Roadmap 3 - 3.1.E Cylindrical Thin-Walled pressure vessels...

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Unformatted text preview: 3.1.E Cylindrical Thin-Walled pressure vessels 125 126 3.2.E Cylindrical Thin-Walled pressure vessels: Example Problems Problem 1: The walls of a cylindrical pressure vessel of radius R = 1m, and wall thickness t=2cm are made of an isotropic linear elastic material with modulus E =10.0 GPa, Poisson’s ratio ν=0.2, and coefficient of thermal expansion α=1 x10-6 /ºC. When a hot fluid at pressure p is introduced in the vessel, the temperature of the wall increases by ∆T=100 ºC, and the radius of the vessel increases by δR=1mm. What is the value of the pressure p? 127 Problem 2 :A thin walled cylindrical tank has outer radius R, wall thickness t and length L. The heads of the tank are flat and rigid, as shown, and the tank sits in a rigid well of inner radius R. No friction acts between the tank and the well. The walls of the tank are isotropic, linear elastic, with elastic constants E and ν. The tank is now subjected to an internal pressure p and the top end of the tank rises in the well by a distance δ. obtain an expression for δ in terms of the geometry of the problem, the material properties, and the applied internal pressure. R R t L δ p L 128 Problem 3 Part 1 A steel cylindrical thin-wall vessel contains a Circumferential volatile fuel under pressure. For safety reasons, gage (measures εθθ) the pressure inside the tank should not exceed a maximum value Pmax. A strain gage records the circumferential strain in the tank and transmits this information to the control room (the gage reads zero strain for zero pressure). At what value of strain, (εθθ)max should the operators take action and open the relief valve on the tank (to reduce the pressure)? Express (εθθ)max in terms of Pmax, the geometry of the vessel (radius R, thickness t), and the material properties of the steel (Young’s modulus E, Poisson’s ratio ν). Part 2 In part 1 we neglected the effects of the constraints on deformation imposed by the supports. The tank is attached to rigid supports that prevent any elongation along the axis x of the cylinder (but do not impose any displacement constraint in the circumferential direction at the location of the gage). x If you have to account for the effects of these supports does your relation for (εθθ)max change? If so, what is the new expression? 129 130 Problem 4: A cylindrical tank of radius R, length L, and wall thickness t is made of an isotropic linear elastic material with modulus E, Poisson’s ratio ν, and coefficient of thermal expansion α. At temperature T0, with no pressure in the tank, the tank fits without stress between a rigid wall WB and a rigid plate C. A spring of stiffness K fits exactly between the rigid plate C and a second rigid wall WA. The plate can only move in the horizontal direction, as indicated in the figure. The tank is free to expand radially. L C spring WA tank K 2R WB C WA uC WB 1) The internal pressure in the tank is brought to a value p. Obtain expressions for the resulting displacement of the plate uC, and for the change in tank wall thickness δt. What is the radial strain in the tank wall? What is the circumferential strain in the tank wall? 2) The temperature of the wall of the pressurized tank is now increased by ∆T. What are the new values for uP and δt? 131 132 133 134 135 136 137 Problem 4 (20 Pts) Consider two thin-walled pressure vessels between two frictionless fixed walls at A and C, separated by a movable frictionless rigid plate at B, as shown in the figure. Both vessels have an inner radius, R, and wall thickness, t. Both are made out of the same material with a Young’s modulus, E, and Poisson’s ratio, ν. The left vessel has length 2L, and the right vessel has length L as indicated. Initially, the pressure in both vessels is zero and there is no stress in the walls of the pressure vessels. If the left vessel is pressurized to a pressure p, while the pressure in the right vessel is kept to zero, the rigid plate at B will displace by uBx. Find an expression for uBx, the distance the plate moves, in terms of the pressure p, and the known quantities, R, L, t, E, and ν. 138 139 3.3.E Cylindrical Thin-Walled pressure vessels: Conceptual Questions For each of the following, cross the false (wrong) statements, circle the true (right) ones: E-1) The cylindrical walls of a vessel of outer radius R and wall thickness t (t<<R) are made of an isotropic linear elastic material with modulus E and Poisson’s ratio ν. The end caps are rigid. If the vessel is empty (zero gage pressure), the vessel fits precisely (without any stress) inside a rigid frictionless well of inner diameter 2R. With the vessel inside the rigid, frictionless well, a pressurized fluid is introduced in the vessel, so that the internal gage pressure in the vessel is now p. For these conditions, in the cylindrical walls of the vessel we will have: a) No change in outer radius and therefore zero radial strain. pR . t pR c) σ xx = . 2t b) σ θθ = d) εθθ = –ν εxx. e) σθθ = ν σxx. x ρ θ 2R 2R 2R p 140 E-2) A rigid block of weight W rests over a soda can. The material of the can is isotropic linear elastic with properties E, ν (0.5>ν > 0), α. The gage pressure inside the can is p. Under these conditions, the height of the can is H, its radius is R, and the wall thickness is t<<R. (1) The weight is removed but the can is still closed, with internal pressure p: (a) the axial stress changes but the circumferential stress stays the same (b) the height of the can changes but its radius stays identical (2) Then the can is opened, (so now the inside gage pressure is p=0), the height of the can becomes H2 and its radius becomes R2: (c) It is possible, for a special combination of W and p, to have H =H2 (d) It is possible, for a special combination of W and p, to have R =R2 W (0) p p p=0 H2 H1 H 2R (2) (1) 2R1 2R2 141 SOLUTIONS: E-1) The cylindrical walls of a vessel of outer radius R and wall thickness t (t<<R) are made of an isotropic linear elastic material with modulus E and Poisson’s ratio ν. The end caps are rigid. If the vessel is empty (zero gage pressure), the vessel fits precisely (without any stress) inside a rigid frictionless well of inner diameter 2R. With the vessel inside the rigid, frictionless well, a pressurized fluid is introduced in the vessel, so that the internal gage pressure in the vessel is now p. For these conditions, in the cylindrical walls of the vessel we will have: a) No change in outer radius and therefore zero radial strain. pR . t pR c) σ xx = . 2t b) σ θθ = d) εθθ = –ν εxx. e) σθθ = ν σxx. x ρ θ 2R 2R 2R p 142 E-2) A rigid block of weight W rests over a soda can. The material of the can is isotropic linear elastic with properties E, ν (0.5>ν > 0), α. The gage pressure inside the can is p. Under these conditions, the height of the can is H, its radius is R, and the wall thickness is t<<R. (1) The weight is removed but the can is still closed, with internal pressure p: (e) the axial stress changes but the circumferential stress stays the same (f) the height of the can changes but its radius stays identical (2) Then the can is opened, (so now the inside gage pressure is p=0), the height of the can becomes H2 and its radius becomes R2: (g) It is possible, for a special combination of W and p, to have H =H2 (h) It is possible, for a special combination of W and p, to have R =R2 W (0) p p p=0 H2 H1 H 2R (2) (1) 2R1 2R2 143 3.1.F Circular shafts in torsion Axisymmetric loading and deformation: Stresses and Strains in cylindrical coordinates 144 145 Comparison and correspondences between rods in torsion and bars in tension 146 147 148 149 150 151 3.2.F Circular shafts in torsion. Example problems Problem 1 The tapered AB shaft in the figure has a variable cross section with a radius defined by the equation R(x)=R0 eax, whereR0 (units:[m]) and a (units:[1/m]) are constants, and the origin of the x-axis is at A. The shaft is made of isotropic linear elastic material with modulus G. The shaft is fixed at B and subjected to a torque T at the free end, A, as indicated in the figure. a) Determine the angle of twist at the free end: ϕx(A). b) Determine the maximum shear stress in the shaft. [Friendly hint: ∫ecx dx= (1/c) ecx for any constant c] 152 153 Problem 2 The composite shaft of length L is constructed from an inner core of radius R and modulus Gc =3G*, and a sleeve of outer radius 2 R and modulus Gs =G*, bonded together. One end of the shaft is fixed and the other is free to rotate (see figure). A uniform distributed torque, t (t=constant), is applied to the shaft. B t L A x (a) Graph the internal moment (torque T ) as a function of x measured from the free end of the shaft. (b) Determine the rotation angle of the shaft, ϕx , as a function of x. Determine the angle of twist δϕ. (c) Determine the maximum shear stress, σ θ x max , in both materials . 154 155 Problem 3 x The shaft ABCD in the figure is 2a made from two segments: AB of a diameter a and length L/4, and BD of diameter 2a and length 2L. A B The shaft is confined by fixed supports at the walls A and D. A torque Q is applied to the shaft at L point C (at a distance L from the 4 fixed support D as indicated in the figure). Please answer the following questions [careful with the signs and conventions!] L D C Q 2L (a) Obtain the reaction moments at A and D (MAX, MDX). (b) For each of the three segments: AB, BC, CD : determine the internal torque [T AB, T BC T CD] determine the stress state along the surface of the shaft and draw the stress components acting on a surface element aligned with the x and θ axes as indicated to the right. x θ 156 157 158 159 160 161 3.3.F Circular shafts in torsion. Conceptual Questions For each of the following, cross the false (wrong) statements, circle the true (right) ones: F-1) The tapered shaft in the figure has a radius linearly varying between rA and rB, and it is subjected to a constant torque T as shown. (a) The maximum shear stress for the shaft will be at section A because it has the largest radius. (b) The shear strain at the outer radius will be linearly varying (along x) between section A and section B (c) At each section x, the shear strain will be linearly varying from the axis to the outer radius (d) Changes in temperature will only affect the shear stresses σxθ if an axial force is superimposed to the torque. F-2) The cylindrical shaft in the figure is confined by fixed supports at the walls A and B. A torque T is applied to the shaft at point C as indicated in the figure, with LAC > LBC. (a) The peak magnitude of shear stress in the shaft will be in section BC. (b) δϕAC = −δϕBC AC (c) T = −T x CB (d) At any point of AC σxθ ≥0 ; At any point of BC σxθ ≤ 0. 162 F-3) The homogeneous shaft of radius R (known) and length L (known) in the figure is composed of a linear isotropic elastic material of known shear modulus G. Under the effects of an unknown distribution of twisting moments, the bar is observed to deform. The value of the x-rotation along the bar is known, and it is given as a function of the distance from the fixed support, x, by the relation: ϕx(x) = 2ax2–2aLx, where a is a dimensional constant with units [1/m2], and L is the length of the bar. x a) End A is fixed, therefore the shear strain at any point of section A must be zero: εxθ (r, x=0) = 0. b) The angle of twist of shaft AB is zero: δϕ AB=0 c) At any distance (x) from the fixed support, the shear strain at the center (axis of symmetry) of the bar is zero: εxθ (r=0, x) = 0. d) The shear strain at any point of section B is zero: εxθ (r, x=L) = 0, therefore we can conclude that there is no concentrated twisting moment acting at B. e) Values of the shear stresses in the shaft cannot be determined because the distribution of applied twisting moments is unknown. F-4) Shaft AB has outer radius R and is fixed between rigid walls at the two ends. A twisting moment Q is applied at the mid-span (section C) as indicated. The left half of the shaft (AC) is solid, while the right half (CB) is hollow, (with an inner radius R/2). a) The magnitude of the maximum shear strain is the same in AC and CB. L/2 R b) The magnitude of the internal twisting moment, T, is the same in AC and CB. L/2 Q x C c) The magnitude of the maximum shear stress is the same in AC and CB. d) Equilibrium conditions yield Q = –TAC–TCB. e) Equilibrium conditions yield Q = –TxA –TxB . [TxA and TxB are the reaction moments at A and B] 163 SOLUTIONS F-1) The tapered shaft in the figure has a radius linearly varying between rA and rB, and it is subjected to a constant torque T as shown. (a) The maximum shear stress for the shaft will be at section A because it has the largest radius. (b) The shear strain at the outer radius will be linearly varying (along x) between section A and section B (c) At each section x, the shear strain will be linearly varying from the axis to the outer radius (d) Changes in temperature will only affect the shear stresses σxθ if an axial force is superimposed to the torque. F-2) The cylindrical shaft in the figure is confined by fixed supports at the walls A and B. A torque T is applied to the shaft at point C as indicated in the figure, with LAC > LBC. (a) The peak magnitude of shear stress in the shaft will be in section BC. (b) δϕAC = −δϕBC AC (c) T = −T x CB (d) At any point of AC σxθ ≥0 ; At any point of BC σxθ ≤ 0. 164 F-3) The homogeneous shaft of radius R (known) and length L (known) in the figure is composed of a linear isotropic elastic material of known shear modulus G. Under the effects of an unknown distribution of twisting moments, the bar is observed to deform. The value of the x-rotation along the bar is known, and it is given as a function of the distance from the fixed support, x, by the relation: ϕx(x) = 2ax2–2aLx, where a is a dimensional constant with units [1/m2], and L is the length of the bar. x a) End A is fixed, therefore the shear strain at any point of section A must be zero: εxθ (r, x=0) = 0. b) The angle of twist of shaft AB is zero: δϕ AB=0 c) At any distance (x) from the fixed support, the shear strain at the center (axis of symmetry) of the bar is zero: εxθ (r=0, x) = 0. d) The shear strain at any point of section B is zero: εxθ (r, x=L) = 0, therefore we can conclude that there is no concentrated twisting moment acting at B. e) Values of the shear stresses in the shaft cannot be determined because the distribution of applied twisting moments is unknown. F-4) Shaft AB has outer radius R and is fixed between rigid walls at the two ends. A twisting moment Q is applied at the mid-span (section C) as indicated. The left half of the shaft (AC) is solid, while the right half (CB) is hollow, (with an inner radius R/2). a) The magnitude of the maximum shear strain is the same in AC and CB. L/2 R b) The magnitude of the internal twisting moment, T, is the same in AC and CB. L/2 Q x C c) The magnitude of the maximum shear stress is the same in AC and CB. d) Equilibrium conditions yield Q = –TAC–TCB. e) Equilibrium conditions yield Q = –TxA –TxB . [TxA and TxB are the reaction moments at A and B] 165 ...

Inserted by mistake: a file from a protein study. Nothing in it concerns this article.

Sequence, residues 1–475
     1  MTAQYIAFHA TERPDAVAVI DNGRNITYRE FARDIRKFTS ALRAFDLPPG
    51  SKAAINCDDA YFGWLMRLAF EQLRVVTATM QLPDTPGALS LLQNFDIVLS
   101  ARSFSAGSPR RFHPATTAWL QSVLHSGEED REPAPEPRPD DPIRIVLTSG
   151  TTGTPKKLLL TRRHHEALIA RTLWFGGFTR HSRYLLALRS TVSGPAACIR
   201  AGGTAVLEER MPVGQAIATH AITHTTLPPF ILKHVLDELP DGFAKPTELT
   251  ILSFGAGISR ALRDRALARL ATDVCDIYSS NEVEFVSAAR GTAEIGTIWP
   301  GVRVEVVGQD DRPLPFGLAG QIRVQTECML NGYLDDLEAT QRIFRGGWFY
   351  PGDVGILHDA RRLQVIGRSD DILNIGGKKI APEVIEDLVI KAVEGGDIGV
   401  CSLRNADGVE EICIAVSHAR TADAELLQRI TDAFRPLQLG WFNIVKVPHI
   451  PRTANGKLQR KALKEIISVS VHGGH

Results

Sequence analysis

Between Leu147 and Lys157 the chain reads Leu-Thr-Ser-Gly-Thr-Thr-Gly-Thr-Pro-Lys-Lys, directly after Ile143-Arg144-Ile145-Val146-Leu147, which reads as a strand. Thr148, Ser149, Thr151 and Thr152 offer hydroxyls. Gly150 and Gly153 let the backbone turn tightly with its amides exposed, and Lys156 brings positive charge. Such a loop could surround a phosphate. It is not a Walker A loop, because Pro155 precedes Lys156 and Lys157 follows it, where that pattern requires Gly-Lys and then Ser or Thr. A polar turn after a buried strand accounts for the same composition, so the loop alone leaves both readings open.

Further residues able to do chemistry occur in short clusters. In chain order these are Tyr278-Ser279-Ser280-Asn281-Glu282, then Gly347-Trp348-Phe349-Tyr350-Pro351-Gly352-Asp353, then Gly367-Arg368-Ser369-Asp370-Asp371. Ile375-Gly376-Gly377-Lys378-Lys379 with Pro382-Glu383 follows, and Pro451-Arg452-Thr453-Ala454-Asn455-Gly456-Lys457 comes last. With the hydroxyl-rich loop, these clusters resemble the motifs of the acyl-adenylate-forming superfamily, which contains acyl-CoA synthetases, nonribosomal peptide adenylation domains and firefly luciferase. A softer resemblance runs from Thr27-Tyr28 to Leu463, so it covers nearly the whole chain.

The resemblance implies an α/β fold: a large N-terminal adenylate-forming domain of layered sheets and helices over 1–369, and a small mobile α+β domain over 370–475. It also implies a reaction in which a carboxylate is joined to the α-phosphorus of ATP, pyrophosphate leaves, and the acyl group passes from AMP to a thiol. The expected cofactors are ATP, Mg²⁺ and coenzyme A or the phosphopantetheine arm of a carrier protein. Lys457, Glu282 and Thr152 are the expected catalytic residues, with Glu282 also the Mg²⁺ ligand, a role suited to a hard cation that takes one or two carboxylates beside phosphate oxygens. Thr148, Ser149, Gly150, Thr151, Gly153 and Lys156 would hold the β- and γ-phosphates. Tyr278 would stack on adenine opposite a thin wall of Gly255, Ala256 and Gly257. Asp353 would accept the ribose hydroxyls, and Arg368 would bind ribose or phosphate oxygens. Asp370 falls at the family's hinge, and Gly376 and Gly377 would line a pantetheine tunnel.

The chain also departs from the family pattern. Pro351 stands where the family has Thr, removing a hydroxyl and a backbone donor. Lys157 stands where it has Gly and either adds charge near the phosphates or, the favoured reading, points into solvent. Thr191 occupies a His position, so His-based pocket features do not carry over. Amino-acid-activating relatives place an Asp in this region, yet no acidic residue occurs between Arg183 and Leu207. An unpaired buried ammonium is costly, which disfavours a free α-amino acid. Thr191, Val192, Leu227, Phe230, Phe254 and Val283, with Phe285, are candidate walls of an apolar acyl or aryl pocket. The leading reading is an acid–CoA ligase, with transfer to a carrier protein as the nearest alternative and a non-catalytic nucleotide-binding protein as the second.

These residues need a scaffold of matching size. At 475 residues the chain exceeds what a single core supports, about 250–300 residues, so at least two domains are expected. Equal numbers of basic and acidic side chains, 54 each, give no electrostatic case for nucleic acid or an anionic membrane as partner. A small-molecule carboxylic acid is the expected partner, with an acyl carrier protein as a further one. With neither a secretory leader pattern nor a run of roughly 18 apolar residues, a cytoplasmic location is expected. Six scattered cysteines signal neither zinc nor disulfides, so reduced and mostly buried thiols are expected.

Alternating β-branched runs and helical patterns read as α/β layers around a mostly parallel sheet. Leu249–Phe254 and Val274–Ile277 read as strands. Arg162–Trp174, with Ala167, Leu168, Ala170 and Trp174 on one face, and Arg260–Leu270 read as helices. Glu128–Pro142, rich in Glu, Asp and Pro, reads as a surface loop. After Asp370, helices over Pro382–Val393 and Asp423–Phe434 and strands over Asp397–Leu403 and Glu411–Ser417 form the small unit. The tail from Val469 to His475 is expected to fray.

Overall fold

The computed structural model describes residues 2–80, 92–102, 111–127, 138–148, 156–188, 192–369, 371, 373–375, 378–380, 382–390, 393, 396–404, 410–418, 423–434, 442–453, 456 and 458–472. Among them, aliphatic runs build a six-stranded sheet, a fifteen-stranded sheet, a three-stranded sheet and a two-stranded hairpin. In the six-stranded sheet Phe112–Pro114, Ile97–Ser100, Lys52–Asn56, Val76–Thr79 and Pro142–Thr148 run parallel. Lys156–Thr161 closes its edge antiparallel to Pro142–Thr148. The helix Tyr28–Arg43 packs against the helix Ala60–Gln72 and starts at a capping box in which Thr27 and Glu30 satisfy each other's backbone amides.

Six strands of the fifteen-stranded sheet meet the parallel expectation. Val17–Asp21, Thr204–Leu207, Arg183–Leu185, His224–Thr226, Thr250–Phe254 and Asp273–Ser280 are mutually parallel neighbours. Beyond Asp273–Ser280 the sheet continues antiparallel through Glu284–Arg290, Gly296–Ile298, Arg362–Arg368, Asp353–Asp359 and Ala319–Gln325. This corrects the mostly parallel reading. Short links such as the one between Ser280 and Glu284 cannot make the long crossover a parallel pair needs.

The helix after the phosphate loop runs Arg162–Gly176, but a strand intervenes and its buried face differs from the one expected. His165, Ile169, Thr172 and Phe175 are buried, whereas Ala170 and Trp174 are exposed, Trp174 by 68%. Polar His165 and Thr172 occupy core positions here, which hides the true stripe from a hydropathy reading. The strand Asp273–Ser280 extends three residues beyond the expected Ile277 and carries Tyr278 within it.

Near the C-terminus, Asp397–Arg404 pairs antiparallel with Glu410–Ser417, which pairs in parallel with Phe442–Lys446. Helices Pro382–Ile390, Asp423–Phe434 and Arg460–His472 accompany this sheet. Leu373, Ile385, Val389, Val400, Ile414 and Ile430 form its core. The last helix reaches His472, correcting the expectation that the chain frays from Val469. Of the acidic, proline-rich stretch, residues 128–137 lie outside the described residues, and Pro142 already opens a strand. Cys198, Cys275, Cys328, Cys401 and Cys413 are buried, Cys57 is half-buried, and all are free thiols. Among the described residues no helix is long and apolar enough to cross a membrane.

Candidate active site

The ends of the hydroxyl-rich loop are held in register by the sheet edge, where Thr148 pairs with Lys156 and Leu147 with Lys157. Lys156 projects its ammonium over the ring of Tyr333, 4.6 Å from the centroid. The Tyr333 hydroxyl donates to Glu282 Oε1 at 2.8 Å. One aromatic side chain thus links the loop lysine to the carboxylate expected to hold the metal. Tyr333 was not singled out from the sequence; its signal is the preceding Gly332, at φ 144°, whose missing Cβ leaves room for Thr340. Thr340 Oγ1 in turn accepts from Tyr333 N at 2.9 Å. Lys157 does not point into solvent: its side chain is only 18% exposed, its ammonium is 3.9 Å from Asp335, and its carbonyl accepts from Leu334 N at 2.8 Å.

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This document was uploaded on 11/04/2011 for the course MME 512 at Miami University.